Our Board

Mr Bruce Neill (Chairman)

Professor Alison Venn (Director)

Professor Alison Venn has been Menzies Director since January 2016. She is an internationally respected epidemiologist, with more than $30 million in research funding awarded over her career and more than 180 peer-reviewed journal articles published. She leads the Childhood Determinants of Adult Health Study,  is the Director of the Tasmanian Cancer Registry and the Tasmanian Data Linkage Unit and leads two NHRMC-funded partnerships with the Tasmanian Government.

Mr Brian Doyle AM

Brian Doyle is past Chairman and current Council member of the Menzies Foundation. He was formerly Legal Counsel and Secretary of the Australian Industry Development Corporation, Canberra. He practised for some years at the Victorian Bar and was later a partner in the Melbourne office of the national legal firm, Clayton Utz.

Professor Moira Clay

Professor Clay is a well-respected and experienced leader in research management, strategy and policy in Australia. Her background is in laboratory-based cardiovascular research. In 2000, she moved into research management and has 15 years of senior executive leadership experience in the health and medical research sector. She was the national Research Manager for the Heart Foundation for five years and subsequently occupied executive level research strategy roles in three of Australia's premier Medical Research Institutes (including 7 months as the Acting Director of the Telethon Kids Institute in 2012). She was President of two peak professional societies - the Australian Society for Medical Research (2003) and the Australasian Research Management Society (2012/13) - and a Board Member of the Association of Australian Medical Research Institutes (2013). She was named a "High Achiever in Australian Health and Medical Research by the NHMRC in 2013.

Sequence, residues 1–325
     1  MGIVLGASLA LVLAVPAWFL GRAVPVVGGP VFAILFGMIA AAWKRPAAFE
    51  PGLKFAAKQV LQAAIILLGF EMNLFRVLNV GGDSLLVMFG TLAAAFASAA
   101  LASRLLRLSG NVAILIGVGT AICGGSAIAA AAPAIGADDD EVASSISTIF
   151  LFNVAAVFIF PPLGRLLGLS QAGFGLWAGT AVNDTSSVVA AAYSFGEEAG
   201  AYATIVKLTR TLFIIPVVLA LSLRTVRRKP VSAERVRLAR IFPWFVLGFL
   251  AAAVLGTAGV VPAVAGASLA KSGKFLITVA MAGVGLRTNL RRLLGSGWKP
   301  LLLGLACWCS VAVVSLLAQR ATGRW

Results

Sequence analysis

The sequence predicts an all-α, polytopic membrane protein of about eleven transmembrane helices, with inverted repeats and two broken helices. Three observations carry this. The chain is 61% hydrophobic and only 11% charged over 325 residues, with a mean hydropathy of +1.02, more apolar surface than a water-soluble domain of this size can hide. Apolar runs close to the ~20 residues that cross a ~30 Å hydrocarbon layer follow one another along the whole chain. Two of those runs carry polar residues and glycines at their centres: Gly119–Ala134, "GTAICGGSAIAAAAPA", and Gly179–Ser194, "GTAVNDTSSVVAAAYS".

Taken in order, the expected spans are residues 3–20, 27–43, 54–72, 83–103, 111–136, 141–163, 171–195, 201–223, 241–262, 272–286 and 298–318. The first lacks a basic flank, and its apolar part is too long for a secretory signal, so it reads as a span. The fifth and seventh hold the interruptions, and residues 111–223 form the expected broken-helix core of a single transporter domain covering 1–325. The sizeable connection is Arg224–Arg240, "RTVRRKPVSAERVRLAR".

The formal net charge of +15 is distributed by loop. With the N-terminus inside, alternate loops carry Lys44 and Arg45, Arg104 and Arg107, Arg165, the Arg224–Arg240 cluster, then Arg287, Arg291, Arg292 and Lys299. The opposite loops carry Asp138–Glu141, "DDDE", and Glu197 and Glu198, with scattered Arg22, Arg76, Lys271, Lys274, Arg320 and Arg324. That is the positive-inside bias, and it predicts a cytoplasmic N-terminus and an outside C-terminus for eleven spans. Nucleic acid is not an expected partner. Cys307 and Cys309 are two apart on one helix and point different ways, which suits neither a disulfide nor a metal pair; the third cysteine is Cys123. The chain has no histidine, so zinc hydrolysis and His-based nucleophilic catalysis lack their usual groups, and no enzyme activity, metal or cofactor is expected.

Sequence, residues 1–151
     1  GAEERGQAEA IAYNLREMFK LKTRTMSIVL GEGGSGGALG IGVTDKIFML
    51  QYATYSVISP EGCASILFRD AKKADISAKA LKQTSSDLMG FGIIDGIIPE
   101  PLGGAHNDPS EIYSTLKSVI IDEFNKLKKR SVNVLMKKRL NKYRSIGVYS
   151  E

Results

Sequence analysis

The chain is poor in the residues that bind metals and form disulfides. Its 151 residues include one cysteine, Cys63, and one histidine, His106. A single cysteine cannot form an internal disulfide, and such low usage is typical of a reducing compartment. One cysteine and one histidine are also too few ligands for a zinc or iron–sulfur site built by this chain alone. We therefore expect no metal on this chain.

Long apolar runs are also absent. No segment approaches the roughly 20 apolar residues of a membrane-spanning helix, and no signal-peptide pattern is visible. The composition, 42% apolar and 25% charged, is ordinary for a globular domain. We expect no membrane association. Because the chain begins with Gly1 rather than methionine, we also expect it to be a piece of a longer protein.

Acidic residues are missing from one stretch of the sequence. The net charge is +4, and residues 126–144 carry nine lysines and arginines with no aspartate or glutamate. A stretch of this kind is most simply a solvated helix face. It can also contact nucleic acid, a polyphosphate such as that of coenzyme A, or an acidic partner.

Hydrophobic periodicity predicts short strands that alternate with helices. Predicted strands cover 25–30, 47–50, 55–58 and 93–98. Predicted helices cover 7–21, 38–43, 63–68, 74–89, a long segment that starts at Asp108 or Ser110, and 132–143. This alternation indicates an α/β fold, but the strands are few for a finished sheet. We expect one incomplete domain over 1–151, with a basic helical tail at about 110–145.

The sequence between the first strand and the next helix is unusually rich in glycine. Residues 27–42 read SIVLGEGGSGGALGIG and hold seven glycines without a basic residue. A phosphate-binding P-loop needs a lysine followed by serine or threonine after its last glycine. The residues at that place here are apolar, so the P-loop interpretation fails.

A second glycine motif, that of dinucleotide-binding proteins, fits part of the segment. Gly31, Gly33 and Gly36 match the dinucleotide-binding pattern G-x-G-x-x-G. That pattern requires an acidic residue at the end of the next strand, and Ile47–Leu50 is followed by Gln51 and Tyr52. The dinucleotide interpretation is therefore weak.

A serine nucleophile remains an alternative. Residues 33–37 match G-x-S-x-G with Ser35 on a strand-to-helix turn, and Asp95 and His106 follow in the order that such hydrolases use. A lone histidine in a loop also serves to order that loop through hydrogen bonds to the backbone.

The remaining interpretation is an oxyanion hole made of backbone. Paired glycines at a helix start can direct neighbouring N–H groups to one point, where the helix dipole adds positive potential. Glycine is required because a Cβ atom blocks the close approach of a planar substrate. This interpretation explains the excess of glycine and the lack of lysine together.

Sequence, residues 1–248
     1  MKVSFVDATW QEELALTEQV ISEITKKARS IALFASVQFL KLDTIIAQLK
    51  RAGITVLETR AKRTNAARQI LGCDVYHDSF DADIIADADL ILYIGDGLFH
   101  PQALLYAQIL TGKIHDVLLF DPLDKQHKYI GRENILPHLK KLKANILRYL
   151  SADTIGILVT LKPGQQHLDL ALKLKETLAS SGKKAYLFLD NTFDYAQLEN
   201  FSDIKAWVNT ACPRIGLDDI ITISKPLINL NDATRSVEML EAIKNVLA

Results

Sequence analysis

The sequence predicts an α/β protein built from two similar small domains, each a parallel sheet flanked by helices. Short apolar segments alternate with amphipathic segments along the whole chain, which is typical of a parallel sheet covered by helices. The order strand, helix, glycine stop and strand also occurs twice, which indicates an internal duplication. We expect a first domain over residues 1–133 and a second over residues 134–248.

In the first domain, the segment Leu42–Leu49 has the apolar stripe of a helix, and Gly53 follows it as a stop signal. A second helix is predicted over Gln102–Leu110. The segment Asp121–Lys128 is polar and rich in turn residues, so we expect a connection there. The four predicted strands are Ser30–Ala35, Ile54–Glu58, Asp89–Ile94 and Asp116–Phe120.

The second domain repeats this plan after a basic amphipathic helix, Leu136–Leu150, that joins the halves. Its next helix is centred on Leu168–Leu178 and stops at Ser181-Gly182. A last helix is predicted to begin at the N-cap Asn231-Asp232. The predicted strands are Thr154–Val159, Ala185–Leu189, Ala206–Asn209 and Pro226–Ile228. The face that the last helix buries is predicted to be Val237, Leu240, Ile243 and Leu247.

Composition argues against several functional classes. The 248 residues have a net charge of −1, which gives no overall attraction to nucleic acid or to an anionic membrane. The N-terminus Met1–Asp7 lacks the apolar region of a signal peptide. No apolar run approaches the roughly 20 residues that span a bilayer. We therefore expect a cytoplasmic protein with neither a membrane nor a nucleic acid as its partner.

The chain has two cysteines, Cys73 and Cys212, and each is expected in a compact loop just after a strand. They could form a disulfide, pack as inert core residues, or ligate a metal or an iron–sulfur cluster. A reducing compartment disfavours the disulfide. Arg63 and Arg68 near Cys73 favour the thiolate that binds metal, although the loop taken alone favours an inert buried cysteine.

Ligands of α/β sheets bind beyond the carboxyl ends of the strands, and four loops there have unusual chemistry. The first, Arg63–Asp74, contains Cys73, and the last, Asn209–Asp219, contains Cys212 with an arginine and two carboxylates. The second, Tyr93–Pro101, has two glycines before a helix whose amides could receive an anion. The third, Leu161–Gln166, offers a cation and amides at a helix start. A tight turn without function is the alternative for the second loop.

Professor Denise Fassett

Professor Fassett is the Dean of the Faculty of Health at the University of Tasmania. She is a Registered Nurse with a PhD and was Head of Nursing and Midwifery from 2006 until 2011. Denise was appointed a Governing Council Member to the Tasmanian Health Organisation (THO) North from its inception in 2012. Denise has a background in health regulation and she was Chair of the Nursing Board of Tasmania from 2006 until July 2010. She was appointed a member of the Nursing and Midwifery Board of Australia in 2009, a position she currently still holds. She was appointed Chair of the Advisory Committee for the Wicking Dementia, Research and Education Centre, in 2009.

Mr Bob Gozzi